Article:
EstateGuru’s UK office has set a funding target of €17m (£14.37m) this year as it sets out to “seriously challenge some of the major players here”.
The European peer-to-peer lending platform launched in the UK in March with an office in Manchester and another in London on the horizon.
Speaking at an EstateGuru webinar today, Ross Gandy, country manager for the platform in the UK, said the team is aiming to finance over €17m in loans this year and to “seriously challenge” some of the country’s biggest players.
He said the UK business has already had some “really good discussions” with developers and “fantastic conversations” with institutions.
“This year we’ve been setting certain targets for the team and we’re looking to finance over €17m and from my personal perspective we’re looking to seriously challenge some of the major players in the UK and in the year one growth looking to challenge or outperform them,” said Gandy.
“We’re looking at the overall perspective, we’re having some really good discussions with developers in the UK. We’re on track to have a very successful year in the UK.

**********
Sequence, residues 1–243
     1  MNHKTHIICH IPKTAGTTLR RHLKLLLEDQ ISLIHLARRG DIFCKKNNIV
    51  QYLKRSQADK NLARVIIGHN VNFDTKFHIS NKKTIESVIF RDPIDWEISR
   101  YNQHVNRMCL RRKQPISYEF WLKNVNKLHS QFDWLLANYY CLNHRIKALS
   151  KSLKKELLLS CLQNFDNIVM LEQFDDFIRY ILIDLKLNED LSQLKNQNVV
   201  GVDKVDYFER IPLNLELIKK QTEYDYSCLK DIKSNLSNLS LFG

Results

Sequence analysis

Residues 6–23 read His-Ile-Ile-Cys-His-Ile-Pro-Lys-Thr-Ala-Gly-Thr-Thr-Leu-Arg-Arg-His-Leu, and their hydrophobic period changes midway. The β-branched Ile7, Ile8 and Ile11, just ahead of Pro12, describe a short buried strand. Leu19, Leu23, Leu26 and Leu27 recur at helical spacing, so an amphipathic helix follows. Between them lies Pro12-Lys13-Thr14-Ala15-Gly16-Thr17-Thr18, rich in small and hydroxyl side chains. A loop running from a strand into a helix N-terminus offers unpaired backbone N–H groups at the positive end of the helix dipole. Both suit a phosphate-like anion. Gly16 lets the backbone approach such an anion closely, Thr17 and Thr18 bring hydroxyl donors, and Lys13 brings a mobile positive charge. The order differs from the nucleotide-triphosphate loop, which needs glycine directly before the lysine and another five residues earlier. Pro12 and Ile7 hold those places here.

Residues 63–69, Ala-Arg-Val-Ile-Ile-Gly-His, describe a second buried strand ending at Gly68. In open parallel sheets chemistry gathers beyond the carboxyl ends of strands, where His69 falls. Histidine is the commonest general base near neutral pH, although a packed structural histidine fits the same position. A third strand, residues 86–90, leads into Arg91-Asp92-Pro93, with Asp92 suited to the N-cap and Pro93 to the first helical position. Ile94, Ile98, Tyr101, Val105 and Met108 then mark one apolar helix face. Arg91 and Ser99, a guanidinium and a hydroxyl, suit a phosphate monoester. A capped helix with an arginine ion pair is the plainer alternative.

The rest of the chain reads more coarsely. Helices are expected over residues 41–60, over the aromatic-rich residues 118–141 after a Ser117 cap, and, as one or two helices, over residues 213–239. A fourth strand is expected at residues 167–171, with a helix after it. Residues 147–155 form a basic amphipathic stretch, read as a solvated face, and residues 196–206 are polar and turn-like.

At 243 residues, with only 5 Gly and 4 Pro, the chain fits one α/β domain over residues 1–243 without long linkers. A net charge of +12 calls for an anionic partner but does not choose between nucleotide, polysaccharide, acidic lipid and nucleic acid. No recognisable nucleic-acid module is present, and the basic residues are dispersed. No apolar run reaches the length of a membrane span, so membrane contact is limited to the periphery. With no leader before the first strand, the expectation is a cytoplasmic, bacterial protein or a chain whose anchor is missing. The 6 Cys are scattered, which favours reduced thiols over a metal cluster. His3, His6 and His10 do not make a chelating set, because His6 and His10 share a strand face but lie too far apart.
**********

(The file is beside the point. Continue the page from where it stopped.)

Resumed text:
“We’re having some fantastic conversations with some institutions and some of the responses we’ve had back from them are very positive. They want to invest in property-backed short-term loans and want to move investments into fintech, proptech.”
Mihkel Stamm, chief operating officer of EstateGuru, said that after a “great” 2021 in which the platform financed around €200m, it has signed a contact with the European Investment Fund this year and is targeting global expansion.
He said the platform is in the process of moving its second headquarters to Berlin and plans to create a single ecosystem by continually launching in new countries each year.
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“All of these changes are helping us step-by-step to become a global force for real estate lending,” said Stamm.
“To create this cross-border business of value to borrowers and lenders to build the one single ecosystem, for that we need to go step-by-step to new countries. We see we can go to one or two new countries a year and the long-term vision is as many as possible, it’s about choosing the countries next.
“The logic is it’d be wise to start off by first covering the biggest markets, there’s the biggest gain there. To get to this situation a lot of pre-work is needed, analysing the market, setting up local partnerships, adjusting legals to be complaint and to suit local regulators.
“This is the growth that might take longer. Some countries you can open-up quicker and some takes a longer time. We have a team preparing the countries in parallel and then we choose one or two countries to go to now.”